Certain areas of the prefrontal cortex in the human brain perform this function. Most human beings do have a limited capacity to think about the future and lay plans. The brain certainly has the capacity to learn about the behaviors of other entities in the world that do not have a direct influence on the individual, but are part of a larger stochastic dynamic that could come to have an impact. The brain does have the ability to do some limited strategic planning and control, but whether the majority of people fully use this facility is an open question.
Organizations, similarly, have a strategic thinking function and tend to try to use it explicitly. However, because these functions are carried out by people, the true efficacy of such functions is subject to how well the individuals think strategically.
One key difference between strategic and tactical control involves the capacity of the system to make alterations to its sub-processes or even gain new sub-processes that will be used in the future. Human beings cannot do much to change their individual selves, for example they cannot ‘learn’ to digest a poisonous plant that might become food. Biological evolution is needed to alter physiological and physical aspects of the body. Humans can adapt within narrow ranges of tolerance to changing environments, but not change their fundamental ways of interacting with the environment.
They can, however, change their tactical models, or in other words, learn to behave differently with respect to the world. For example, humans learned to construct and wear clothing to increase their tolerance to cold conditions, something necessary during the periods of glaciation in Europe and Asia. This was not a strategic decision but a tactical move that had strategic consequences for individuals and for the species. The only internal sub-processes that humans can alter or acquire are concepts encoded in engrams in the brain. Strategic decisions generally involve changing sub-processes, so an example of a strategic decision would be when deciding on what in the world should be attended to and be a source of learning. For example, when someone thinks about what career they would like to pursue they are making decisions that will result in changing their own brains (the engrams) one way as opposed to another.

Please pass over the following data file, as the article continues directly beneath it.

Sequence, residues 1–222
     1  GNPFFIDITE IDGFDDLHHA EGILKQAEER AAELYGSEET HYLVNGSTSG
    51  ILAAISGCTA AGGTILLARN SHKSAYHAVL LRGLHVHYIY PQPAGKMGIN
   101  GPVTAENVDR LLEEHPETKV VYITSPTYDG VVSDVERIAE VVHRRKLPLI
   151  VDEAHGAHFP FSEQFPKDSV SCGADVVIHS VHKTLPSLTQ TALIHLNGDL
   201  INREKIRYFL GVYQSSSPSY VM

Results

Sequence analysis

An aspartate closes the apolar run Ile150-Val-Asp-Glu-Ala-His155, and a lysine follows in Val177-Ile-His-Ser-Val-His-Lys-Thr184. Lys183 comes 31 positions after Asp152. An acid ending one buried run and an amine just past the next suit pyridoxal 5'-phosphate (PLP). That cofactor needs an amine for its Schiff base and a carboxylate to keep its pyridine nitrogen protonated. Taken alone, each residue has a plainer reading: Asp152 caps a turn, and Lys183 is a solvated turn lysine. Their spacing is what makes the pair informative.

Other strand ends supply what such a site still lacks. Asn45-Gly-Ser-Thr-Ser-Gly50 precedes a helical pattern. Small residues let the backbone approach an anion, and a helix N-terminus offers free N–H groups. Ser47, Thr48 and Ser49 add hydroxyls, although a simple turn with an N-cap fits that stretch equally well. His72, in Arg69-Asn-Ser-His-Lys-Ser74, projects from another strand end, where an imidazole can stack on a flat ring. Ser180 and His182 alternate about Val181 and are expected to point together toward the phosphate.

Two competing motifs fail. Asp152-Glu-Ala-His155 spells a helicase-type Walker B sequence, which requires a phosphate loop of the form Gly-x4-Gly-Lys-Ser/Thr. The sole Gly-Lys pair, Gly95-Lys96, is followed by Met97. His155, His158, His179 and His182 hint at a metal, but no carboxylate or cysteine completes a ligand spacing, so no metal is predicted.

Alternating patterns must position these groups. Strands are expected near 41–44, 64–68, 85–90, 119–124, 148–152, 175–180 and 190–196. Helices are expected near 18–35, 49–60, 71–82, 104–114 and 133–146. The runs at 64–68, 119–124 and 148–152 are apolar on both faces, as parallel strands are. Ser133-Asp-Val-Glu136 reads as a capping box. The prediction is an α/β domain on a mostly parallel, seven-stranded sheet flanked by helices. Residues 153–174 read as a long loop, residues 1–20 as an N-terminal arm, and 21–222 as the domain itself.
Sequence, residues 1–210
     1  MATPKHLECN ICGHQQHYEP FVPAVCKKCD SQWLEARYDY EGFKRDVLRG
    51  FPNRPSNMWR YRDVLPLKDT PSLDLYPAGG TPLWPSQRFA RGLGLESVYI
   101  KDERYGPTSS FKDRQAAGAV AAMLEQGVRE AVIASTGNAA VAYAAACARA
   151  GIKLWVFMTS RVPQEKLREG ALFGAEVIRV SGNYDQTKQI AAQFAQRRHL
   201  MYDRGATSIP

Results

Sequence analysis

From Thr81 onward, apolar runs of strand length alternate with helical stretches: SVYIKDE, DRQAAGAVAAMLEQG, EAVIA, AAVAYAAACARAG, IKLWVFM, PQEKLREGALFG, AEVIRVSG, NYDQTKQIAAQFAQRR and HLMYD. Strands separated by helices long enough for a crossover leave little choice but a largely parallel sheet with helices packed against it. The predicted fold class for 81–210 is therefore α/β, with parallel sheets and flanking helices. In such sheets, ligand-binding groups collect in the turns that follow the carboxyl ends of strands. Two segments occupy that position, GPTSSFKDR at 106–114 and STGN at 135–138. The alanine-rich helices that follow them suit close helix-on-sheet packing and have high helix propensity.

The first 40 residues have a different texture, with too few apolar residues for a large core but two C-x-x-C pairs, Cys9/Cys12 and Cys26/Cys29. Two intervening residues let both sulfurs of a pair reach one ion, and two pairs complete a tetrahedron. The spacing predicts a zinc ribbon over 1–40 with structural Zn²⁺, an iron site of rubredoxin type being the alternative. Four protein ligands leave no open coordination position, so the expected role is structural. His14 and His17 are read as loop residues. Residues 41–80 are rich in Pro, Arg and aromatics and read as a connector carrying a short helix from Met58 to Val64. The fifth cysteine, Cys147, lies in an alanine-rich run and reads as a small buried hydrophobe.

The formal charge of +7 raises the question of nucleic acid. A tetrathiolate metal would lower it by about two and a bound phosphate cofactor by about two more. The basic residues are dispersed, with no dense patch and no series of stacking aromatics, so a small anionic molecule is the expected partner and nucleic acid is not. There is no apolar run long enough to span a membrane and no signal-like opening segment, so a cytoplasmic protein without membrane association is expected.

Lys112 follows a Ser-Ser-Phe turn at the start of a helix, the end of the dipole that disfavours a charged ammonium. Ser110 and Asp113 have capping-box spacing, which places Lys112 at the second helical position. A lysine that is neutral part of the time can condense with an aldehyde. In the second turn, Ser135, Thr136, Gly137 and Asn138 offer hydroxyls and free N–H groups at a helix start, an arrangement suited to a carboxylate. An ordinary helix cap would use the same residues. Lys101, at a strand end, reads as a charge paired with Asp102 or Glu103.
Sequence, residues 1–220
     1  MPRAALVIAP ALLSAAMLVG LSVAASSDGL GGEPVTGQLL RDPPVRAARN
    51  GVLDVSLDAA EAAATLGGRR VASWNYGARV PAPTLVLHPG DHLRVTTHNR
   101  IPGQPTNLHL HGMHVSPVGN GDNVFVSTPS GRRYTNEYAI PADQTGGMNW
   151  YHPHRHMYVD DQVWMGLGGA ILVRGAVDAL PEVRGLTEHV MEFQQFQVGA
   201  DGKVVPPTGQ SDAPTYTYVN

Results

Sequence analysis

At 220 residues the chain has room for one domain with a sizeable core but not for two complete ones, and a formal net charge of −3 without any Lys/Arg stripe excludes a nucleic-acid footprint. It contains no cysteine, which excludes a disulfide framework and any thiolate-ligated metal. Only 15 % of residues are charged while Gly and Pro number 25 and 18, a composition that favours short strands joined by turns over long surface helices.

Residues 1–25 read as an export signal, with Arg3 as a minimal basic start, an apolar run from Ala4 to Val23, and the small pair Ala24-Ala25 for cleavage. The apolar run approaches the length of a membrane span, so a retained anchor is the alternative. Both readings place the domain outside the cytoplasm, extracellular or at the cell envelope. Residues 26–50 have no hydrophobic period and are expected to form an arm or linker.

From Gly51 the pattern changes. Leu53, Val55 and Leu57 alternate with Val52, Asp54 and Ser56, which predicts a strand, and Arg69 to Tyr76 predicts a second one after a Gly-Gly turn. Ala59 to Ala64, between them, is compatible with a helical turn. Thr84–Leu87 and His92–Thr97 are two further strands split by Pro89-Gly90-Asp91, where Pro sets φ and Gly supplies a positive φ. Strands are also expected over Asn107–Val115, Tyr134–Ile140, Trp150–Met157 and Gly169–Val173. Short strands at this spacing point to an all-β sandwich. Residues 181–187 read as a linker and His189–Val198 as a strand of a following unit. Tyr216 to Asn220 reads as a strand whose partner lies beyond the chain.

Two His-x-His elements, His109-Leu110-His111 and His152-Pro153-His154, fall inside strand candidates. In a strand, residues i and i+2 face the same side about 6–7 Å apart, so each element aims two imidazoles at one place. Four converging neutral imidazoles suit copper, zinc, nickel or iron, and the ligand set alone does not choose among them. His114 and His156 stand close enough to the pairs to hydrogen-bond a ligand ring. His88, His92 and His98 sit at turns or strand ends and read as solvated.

Organizations, on the other hand, have tremendous ‘morphing’ abilities (called evolvability). They can alter, gain, or discard sub-processes at will (of the strategic thinker) providing they have the resources (i.e. financial) to do so. An organization's behavior can be radically altered in the sense that it becomes capable of doing something entirely new vis-á-vis its tactics and logistics. But organizations are limited by the cognitive capabilities of their strategic managers (CEOs). Unless they possess real vision and knowledge of the world, they may not be able to take advantage of their evolvability. Most organizations change as a result of experimentation and muddling through rather than planning and executing. It is tempting to wonder what might happen if an organization actually did do a good job of strategic planning and execution. I think there are a few examples in history, but since those successes depended on visionary individuals, after they retired or moved on, the organization generally fell back into the muddling mode.
The Trouble with Markets
Really complex systems, those with many various kinds of sub-processes that must work together to be successful in a complex environment, require a cybernetic hierarchy in order to do so. One of the reasons this is so is that inevitably communications break down between more distant sub-processes when the information must be relayed across many such intervening sub-processes as is the case in a highly connected but sparse network such as depicted in figure 10. Here all nodes, representing sub-processes, are fully connected through interactions (abstractly represented by links between nodes). Any behavior changes in any one of the sub-processes can be propagated throughout the network eventually impacting all the other nodes and probably with reverberating effects at that.
Figure 10. In a network of interactions, even if sparsely connected, the propagation of effect due to one node may affect every other node.
There will be time delays inherent in the system since it takes time for information to propagate. Add to this the notion that active (thinking and deciding) agents can exert local control over how and when (or even whether) the process can propagate the information to other nodes and you have the potential for the introduction of noise and distortions. The results can be disastrous when time delays and positive feedback loops (amplification) are involved.